On Saturday morning at about 11.00am, I was sat on a packed Docklands Light Railway train on my way to The Excel Centre at Custom House in London’s industrial East End for the MCM Expo London Comic Con Summer event. The carriage was full of the cosplay Alumni. I was sitting next to a manga pirate of some kind and the space by the doors was full of fake bearded lady Hobbits.
As the train pulled into the packed platform at Canning Town Station, the announcer on the train came on its speakers:
‘Yes. This is the train for Comicon. But be warned, (hehehe) all the tickets have sold out…. (hehe)….(crackle, crackle)…. everyone alight at Custom House (laugh) ….. for Comicon.’
The reaction in the carriage was a combination of outrage, confusion and shocked silence. “How dare he laugh at us?”
My reaction was utter glee. Surrounded by manga quoting, plastic sword flailing, fake bearded, overly serious cosplayers I was having a hard time keeping my laughter down too.
Maybe I am just a grumpy old dude. Probably.
To be fair to MCM, they have really gone all out and created a smaller version of a San Diego type Convention. The venue was completely packed and lines went round the building and back. They had a sound stage outside where wizards, super-heroes and robots partied the afternoon away joyously. It was a hell of a sight.
As I collected my badge and made my way down the central thoroughfare there were signs a plenty directing me to ‘Comics Village’, which was fifteen rows long of some really excellent small press, indie and mainstream creators and titles. I got to catch up with some old faces and some great new talent.
Jon Scrivens, Brett Uren and Patman Cline were there representing the brilliantly creative Dead Universe Publishing. We’ve featured all these guys recently here at DTT and Brett has really pulled out all the stops to get his current Kickstarter project for TorsoBear Volume 2 printed. Enthusiasm never fails to impress where these guys are concerned and it was great to hear about their process and upcoming projects.
Pop over to Kickstarter and help out with their new project. It’s a great twist on the Childhood Toys idea.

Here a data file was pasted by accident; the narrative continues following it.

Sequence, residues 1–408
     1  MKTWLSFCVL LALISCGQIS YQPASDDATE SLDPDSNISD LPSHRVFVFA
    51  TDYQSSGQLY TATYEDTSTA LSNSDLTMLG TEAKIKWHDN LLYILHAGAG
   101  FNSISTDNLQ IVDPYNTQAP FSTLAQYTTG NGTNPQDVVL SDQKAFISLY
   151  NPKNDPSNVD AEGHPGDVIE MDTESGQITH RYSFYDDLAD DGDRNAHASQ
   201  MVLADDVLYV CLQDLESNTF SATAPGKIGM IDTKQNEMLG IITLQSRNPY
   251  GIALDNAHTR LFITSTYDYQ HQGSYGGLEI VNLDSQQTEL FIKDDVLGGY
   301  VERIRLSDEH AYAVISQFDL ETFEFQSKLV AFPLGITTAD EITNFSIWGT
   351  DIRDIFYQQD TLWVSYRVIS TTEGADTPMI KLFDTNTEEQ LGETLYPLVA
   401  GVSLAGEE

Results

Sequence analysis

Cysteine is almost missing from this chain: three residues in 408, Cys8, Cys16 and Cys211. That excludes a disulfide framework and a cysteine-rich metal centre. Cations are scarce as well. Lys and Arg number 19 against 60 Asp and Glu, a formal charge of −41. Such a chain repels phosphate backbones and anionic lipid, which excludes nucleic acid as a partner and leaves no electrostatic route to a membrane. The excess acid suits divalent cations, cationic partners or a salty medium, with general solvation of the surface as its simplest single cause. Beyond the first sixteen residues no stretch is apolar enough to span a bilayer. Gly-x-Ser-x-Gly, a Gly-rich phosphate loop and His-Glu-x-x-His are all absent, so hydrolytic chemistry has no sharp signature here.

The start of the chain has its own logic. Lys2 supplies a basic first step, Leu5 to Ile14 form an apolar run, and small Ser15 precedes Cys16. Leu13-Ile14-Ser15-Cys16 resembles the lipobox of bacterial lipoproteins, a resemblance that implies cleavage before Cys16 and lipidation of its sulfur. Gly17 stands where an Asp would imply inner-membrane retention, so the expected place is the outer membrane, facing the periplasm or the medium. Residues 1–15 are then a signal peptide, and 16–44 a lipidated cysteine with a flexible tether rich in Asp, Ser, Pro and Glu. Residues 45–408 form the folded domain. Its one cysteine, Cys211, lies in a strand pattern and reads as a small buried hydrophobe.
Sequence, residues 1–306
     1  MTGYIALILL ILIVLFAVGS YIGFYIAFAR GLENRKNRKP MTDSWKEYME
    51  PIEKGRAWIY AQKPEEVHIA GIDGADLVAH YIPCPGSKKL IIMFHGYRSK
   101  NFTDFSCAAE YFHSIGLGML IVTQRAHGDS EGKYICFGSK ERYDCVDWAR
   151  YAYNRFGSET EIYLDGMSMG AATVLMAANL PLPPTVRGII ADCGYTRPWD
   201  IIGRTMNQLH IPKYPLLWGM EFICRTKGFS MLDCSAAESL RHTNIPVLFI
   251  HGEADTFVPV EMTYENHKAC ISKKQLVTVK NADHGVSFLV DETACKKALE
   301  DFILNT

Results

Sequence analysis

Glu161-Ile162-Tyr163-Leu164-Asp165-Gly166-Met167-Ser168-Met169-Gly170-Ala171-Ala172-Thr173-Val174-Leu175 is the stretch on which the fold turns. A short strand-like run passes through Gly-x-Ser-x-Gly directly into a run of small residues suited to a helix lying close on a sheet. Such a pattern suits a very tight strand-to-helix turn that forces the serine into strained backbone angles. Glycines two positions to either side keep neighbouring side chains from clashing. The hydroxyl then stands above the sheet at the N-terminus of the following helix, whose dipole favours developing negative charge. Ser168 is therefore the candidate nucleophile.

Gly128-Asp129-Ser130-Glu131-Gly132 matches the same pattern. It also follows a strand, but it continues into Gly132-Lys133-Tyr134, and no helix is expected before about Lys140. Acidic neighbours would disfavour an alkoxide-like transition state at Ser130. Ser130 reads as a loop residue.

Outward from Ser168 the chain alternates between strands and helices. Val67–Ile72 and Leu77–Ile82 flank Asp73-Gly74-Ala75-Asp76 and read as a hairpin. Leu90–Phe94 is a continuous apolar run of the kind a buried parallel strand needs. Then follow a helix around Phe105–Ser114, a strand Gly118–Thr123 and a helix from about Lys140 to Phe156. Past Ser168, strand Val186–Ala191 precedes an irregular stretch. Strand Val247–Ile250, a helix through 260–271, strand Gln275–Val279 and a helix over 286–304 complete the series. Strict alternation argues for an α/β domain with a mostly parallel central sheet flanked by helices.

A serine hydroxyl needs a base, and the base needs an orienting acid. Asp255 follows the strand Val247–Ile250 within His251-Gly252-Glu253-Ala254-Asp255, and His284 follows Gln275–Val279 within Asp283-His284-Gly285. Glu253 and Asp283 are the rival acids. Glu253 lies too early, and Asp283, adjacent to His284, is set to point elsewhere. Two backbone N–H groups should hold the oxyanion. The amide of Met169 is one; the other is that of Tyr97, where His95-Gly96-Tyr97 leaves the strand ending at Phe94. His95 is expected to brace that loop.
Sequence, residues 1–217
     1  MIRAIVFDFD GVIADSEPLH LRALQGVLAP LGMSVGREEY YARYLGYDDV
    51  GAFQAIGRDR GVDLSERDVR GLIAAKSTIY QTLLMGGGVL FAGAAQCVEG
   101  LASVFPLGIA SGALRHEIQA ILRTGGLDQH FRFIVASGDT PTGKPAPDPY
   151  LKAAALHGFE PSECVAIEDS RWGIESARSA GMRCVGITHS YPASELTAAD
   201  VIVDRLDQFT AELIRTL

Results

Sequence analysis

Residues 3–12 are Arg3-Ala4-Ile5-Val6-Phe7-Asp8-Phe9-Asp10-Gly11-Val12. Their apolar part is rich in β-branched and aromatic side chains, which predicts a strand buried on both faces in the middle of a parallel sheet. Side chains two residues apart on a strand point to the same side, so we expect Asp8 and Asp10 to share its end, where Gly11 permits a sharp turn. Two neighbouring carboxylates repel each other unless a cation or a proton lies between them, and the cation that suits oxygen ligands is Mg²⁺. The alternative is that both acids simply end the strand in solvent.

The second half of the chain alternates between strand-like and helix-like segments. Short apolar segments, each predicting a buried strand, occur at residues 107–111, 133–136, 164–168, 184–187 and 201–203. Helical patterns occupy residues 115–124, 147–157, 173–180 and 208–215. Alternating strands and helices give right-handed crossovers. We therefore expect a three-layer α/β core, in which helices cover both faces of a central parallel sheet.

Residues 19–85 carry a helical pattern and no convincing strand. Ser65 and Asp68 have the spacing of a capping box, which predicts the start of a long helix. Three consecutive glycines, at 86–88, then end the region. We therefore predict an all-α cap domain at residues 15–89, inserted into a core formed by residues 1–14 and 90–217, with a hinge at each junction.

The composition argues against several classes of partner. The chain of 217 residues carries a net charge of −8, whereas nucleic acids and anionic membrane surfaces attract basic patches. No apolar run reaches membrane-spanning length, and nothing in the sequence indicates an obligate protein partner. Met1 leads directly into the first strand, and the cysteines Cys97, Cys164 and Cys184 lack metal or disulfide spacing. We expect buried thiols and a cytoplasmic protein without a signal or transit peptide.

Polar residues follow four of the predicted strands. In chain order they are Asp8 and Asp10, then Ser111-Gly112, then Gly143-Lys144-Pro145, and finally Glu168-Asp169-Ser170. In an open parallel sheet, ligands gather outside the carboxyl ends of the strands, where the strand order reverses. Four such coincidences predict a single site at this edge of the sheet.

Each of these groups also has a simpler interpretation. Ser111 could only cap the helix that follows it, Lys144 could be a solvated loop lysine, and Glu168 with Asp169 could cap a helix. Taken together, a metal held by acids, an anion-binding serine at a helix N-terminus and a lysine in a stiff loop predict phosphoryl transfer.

You can find Jon on Twitter @JonScrivens
Pat can be found at his day job at Dead Universe Comics in Aylesbury or on Twitter @PatmanCline
It was great to finally meet Martin Ian Smith after really enjoying and getting to review his excellent comic The Watchful Sea last year. He has a great grasp of horror and this book is well worth seeking out. He’d come up from Wales for the event and it was great to hear about his future projects.
You can find Martin at www.attackosaur.com and buy a copy for just £2.99.
Quite easily the hardest working guys in the UK small press scene, Mike Garley, Mike Stock and Andy Clift between them are behind a string of great books. Dead Roots, Samurai Slasher and the Kill Screen Series amongst there isn’t a wrong foot in the bunch. They are a great crew to just chat about comics in general with as well. Seek out anything by this bunch.
Pop over and have a read of SGT. Steel at www.taptastic.com: it’s a great newspaper style story told by these guys – and it’s free.
Sarah Millman was there and not only very knowledgeable about comics but also great at helping me with isle directions. We featured her new Heart of Time collection last year. She had the completed version (pay attention, Kickstarter users) and it’s looking great.
I also got to meet Joe Sparrow, after only recently reviewing his comic The Hunter out of NoBrow publishing. It was great to hear his thoughts and inspirations for this comic and I grabbed a couple of issues of his self published series Omnipathy. He’s got a really individual style that harkens back to classic animation. It has both innocence and depth to it’s style. Seek it out.
You can find Joe at www.joe-sparrow.tumblr.com
I got to meet Anastasia Catris who was releasing her illustrated prose book Cirque Du Mort: Volume One. It’s a collection of brightly coloured yet gruesomely realised and illustrated short stories and art pieces side by side. It looks great and I will be digging into it at the earliest opportunity. Anastasia has previous to this been working on some Marvel and DC trading card pieces and illustration work.
This was a huge event and it has even outgrown its venue at The Excel. If you can put up with the crowds, then it is well worth a visit for the Comics Village alone. It was great to see Gary Erskine and John McCrea representing the mainstream and companies like Marvel had tables as well.
Once again, the back issues were a bit lacking and it was easier to buy a Captain America man-bag than buy a Captain America comic – but those are the times we live in, I suppose.
• You can look for an MCM event coming to a city near you soon at www.mcmcomiccon.com
Many thanks for reading.